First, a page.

Tutors provide role models to kids
By RON SUSTSKO
Each Monday and Wednesday, I journey with eight or 10 other students to the LaSalle Youth Center on South Bend's West Side. We climb into one of the CSC vans and make the 15-minute ride across the river into an area of run-down factories and other dilapidated buildings. Once the center is near, we can sense the activities and noises of any community center: the laughter of games of tag, the zigzag of touch football and the up-and-down rhythm of swings. As our van lumbers into its parking spot, some of the children excitedly shout, "The tutors are here!" while others flock to their favorite person claiming, "You're my tutor! You're gonna work with me!" As little Rayshaun hugs my legs and tries to jump in my arms, I lead the tutors in, herding the children into their respective classrooms. We set to work with our students, reading spelling lists, rounding numbers and struggling through long division. Invariably, the time flies and our session ends with high-fives, hugs and pleads by the children to be taken back to campus. Once we finally depart, we head back to another contented night at Notre Dame.
But if we knew exactly what the children experience and how different their world is from ours, I doubt these nights would be so content. When working with these children, it may seem that many of them face the same problems: lack of concentration and motivation, falling behind or not receiving enough attention. However, when viewed individually, these are not quite the "same" problems. These children are nowhere near the levels they should be. Some fourth-graders still need help with basic addition; others can not comprehend a word they read. One child can not read at all. These are not the normal setbacks of all elementary children.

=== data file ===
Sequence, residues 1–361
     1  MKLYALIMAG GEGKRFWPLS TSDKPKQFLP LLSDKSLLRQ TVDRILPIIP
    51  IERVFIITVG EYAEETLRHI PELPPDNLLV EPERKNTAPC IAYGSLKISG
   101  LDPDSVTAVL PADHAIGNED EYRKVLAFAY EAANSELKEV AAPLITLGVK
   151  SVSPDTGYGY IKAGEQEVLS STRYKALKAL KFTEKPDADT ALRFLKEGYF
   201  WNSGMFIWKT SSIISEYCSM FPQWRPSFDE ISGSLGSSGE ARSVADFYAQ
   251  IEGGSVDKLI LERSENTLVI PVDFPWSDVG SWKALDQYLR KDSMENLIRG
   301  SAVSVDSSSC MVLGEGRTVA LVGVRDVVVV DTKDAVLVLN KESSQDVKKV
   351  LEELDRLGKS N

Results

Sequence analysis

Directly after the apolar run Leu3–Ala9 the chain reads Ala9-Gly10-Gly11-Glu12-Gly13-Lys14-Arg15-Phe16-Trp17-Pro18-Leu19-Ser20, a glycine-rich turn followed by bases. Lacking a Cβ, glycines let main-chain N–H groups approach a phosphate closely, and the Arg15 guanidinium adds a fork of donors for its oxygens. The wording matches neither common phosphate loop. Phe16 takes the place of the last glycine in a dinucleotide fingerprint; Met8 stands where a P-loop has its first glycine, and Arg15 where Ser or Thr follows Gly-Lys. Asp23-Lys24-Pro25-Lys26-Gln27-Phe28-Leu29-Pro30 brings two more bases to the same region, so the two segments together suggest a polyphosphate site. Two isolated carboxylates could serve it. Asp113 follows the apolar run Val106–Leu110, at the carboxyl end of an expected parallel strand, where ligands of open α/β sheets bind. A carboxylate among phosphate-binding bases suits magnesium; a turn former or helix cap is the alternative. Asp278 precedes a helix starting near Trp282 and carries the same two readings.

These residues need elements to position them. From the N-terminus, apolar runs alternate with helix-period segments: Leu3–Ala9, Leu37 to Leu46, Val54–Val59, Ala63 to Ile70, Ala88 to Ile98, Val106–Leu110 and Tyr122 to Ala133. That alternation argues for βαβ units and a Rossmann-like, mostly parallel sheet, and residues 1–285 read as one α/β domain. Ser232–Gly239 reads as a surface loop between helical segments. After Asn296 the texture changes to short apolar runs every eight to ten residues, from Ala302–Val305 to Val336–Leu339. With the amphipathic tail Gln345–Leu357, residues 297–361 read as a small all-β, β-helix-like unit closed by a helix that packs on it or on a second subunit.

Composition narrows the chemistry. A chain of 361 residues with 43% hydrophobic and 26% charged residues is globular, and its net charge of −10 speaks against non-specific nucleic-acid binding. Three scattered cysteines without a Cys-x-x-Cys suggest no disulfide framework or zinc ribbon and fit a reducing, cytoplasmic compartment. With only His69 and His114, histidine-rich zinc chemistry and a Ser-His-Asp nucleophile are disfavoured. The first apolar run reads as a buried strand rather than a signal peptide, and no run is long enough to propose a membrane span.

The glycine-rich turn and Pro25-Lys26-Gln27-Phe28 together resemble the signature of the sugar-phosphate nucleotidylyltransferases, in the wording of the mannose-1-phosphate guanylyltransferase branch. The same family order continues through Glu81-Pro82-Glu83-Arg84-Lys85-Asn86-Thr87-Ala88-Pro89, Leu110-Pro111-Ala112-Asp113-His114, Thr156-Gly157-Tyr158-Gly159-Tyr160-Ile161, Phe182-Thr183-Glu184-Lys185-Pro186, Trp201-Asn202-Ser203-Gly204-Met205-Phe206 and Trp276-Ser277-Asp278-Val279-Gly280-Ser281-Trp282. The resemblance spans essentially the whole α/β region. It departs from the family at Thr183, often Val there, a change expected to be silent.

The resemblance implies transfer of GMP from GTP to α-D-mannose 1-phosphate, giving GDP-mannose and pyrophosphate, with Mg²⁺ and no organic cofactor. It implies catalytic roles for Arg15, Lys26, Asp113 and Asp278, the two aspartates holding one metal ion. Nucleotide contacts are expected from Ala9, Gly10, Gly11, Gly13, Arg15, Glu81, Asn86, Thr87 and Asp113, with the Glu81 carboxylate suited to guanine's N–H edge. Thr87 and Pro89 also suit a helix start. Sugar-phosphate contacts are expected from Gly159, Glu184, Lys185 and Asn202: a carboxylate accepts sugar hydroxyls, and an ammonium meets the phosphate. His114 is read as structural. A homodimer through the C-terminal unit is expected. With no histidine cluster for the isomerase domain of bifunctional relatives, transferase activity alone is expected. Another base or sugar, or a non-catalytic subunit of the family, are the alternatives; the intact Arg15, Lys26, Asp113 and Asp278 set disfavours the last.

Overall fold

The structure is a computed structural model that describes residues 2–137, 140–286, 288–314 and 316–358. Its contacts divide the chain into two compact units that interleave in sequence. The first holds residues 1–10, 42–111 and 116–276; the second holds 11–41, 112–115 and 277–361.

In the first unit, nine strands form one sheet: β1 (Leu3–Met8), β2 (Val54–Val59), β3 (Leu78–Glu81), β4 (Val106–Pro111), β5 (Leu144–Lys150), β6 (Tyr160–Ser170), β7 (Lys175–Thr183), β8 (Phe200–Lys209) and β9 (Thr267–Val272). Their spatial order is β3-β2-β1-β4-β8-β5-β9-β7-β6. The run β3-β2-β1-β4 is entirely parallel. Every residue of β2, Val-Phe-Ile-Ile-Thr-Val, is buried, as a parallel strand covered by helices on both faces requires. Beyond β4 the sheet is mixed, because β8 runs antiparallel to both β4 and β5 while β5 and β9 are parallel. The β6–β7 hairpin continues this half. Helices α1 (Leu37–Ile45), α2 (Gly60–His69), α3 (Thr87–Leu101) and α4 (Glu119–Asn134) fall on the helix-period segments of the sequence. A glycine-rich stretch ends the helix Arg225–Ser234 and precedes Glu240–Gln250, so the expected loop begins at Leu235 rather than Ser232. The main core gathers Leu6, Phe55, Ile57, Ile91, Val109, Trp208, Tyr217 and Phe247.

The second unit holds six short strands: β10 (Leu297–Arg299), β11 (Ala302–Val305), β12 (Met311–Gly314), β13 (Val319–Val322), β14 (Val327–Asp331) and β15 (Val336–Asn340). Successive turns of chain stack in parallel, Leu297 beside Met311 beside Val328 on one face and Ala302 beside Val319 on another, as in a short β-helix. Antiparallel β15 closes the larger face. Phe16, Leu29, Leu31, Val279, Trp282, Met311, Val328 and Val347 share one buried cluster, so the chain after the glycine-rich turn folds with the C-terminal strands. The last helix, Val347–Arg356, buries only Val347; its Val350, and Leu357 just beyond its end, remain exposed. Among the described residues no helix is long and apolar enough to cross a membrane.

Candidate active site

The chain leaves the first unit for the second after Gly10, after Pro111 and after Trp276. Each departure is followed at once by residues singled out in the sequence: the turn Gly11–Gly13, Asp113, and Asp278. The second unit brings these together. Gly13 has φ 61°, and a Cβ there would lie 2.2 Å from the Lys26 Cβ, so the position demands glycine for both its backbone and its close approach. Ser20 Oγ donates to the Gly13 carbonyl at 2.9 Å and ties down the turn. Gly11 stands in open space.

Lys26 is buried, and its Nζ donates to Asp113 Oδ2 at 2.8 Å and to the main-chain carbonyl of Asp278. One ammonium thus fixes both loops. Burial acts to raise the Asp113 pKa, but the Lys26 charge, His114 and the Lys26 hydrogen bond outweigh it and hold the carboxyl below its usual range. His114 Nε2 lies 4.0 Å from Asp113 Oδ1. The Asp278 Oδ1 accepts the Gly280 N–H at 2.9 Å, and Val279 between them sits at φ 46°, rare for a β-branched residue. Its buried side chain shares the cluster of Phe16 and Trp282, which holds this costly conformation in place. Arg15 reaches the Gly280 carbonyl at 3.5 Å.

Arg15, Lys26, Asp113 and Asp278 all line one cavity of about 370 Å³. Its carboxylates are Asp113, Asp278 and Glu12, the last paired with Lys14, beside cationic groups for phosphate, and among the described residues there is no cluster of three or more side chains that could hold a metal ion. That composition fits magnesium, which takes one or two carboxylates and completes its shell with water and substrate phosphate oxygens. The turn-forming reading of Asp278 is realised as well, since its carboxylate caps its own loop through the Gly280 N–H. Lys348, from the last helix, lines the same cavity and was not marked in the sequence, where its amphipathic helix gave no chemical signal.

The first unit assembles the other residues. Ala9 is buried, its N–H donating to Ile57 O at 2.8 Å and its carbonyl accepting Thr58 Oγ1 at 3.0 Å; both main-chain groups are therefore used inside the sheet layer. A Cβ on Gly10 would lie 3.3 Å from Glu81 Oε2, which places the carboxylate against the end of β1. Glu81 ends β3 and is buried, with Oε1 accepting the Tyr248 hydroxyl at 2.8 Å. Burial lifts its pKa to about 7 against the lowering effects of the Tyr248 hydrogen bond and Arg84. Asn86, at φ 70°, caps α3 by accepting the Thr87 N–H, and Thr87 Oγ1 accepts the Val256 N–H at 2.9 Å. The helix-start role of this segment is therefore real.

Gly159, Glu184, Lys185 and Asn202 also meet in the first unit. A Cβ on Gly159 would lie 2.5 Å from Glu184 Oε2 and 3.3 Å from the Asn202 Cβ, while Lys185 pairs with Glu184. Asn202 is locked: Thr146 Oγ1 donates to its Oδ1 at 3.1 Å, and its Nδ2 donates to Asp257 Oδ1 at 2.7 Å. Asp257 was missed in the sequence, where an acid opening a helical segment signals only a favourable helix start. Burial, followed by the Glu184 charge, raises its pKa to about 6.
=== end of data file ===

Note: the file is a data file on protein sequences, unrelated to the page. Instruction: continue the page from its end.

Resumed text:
The setbacks these children face are a tragedy, a problem I believe must be stopped. More importantly, I believe each of us can play a role in the solution. I know we can not transform the entire education system, but we can play an amazing role in the education of these area children. These children have not been given the same gifts that have allowed us to attend this amazing University and gain a top-notch education. It seems we have an obligation to share this with the community that surrounds us. The Center for Social Concerns has made this a great deal easier and more effective with the creation of the Lead Tutors program, a program of which I have been lucky to be a part. The center's program makes the tutoring efforts in which Notre Dame students can participate organized, efficient and convenient. Rather than sending volunteers to many different tutoring programs, the center has focused on 11 South Bend community centers, high schools and elementary schools at which the Lead Tutors are responsible for running the tutoring programs. The result is a focused and well-organized program, as each center gains much attention and a great commitment from its tutors.
Thanks to an increased time commitment and the limited number of sites, these tutoring programs have been rejuvenated into very unique and effective experiences. However, tutoring is only half of the job. What the children need most are mentors. Their academic problems are tough, but not as tough as the restrictions placed on them by their environments. They need a role model, a friend and a big brother/big sister. The CSC's tutoring program makes this possible. Tutors can be paired up with students in a one-to-one ratio and meet with the same student each week. This gives the students a sense of consistency and commitment — something that may be lacking from their lives. Tutors are able to develop friendships with the students and really feel like they are a part of someone's life.
For many young students, Notre Dame tutors can be a hopeful presence in their lives. I can not tell you how many children have told me that they want to go to Notre Dame or have asked if I am a football player. To them, we are larger than life. In many ways, we are their heroes, the people they want to be when they grow up. By taking part in their lives we are fulfilling this role. We truly can be heroes. With our help, they can be too.
Ron Sustsko is a senior English and pre-professional major. He has been a Lead Tutor through the Center for Social Concerns since August. For a More Just and Humane World is a bi-weekly column sponsored by the Center for Social Concerns. Comments and discussions are welcome at ND.firstname.lastname@example.org.
The views expressed in this column are those of the author and not necessarily those of The Observer.
All Viewpoint Stories for Thursday, November 4, 1999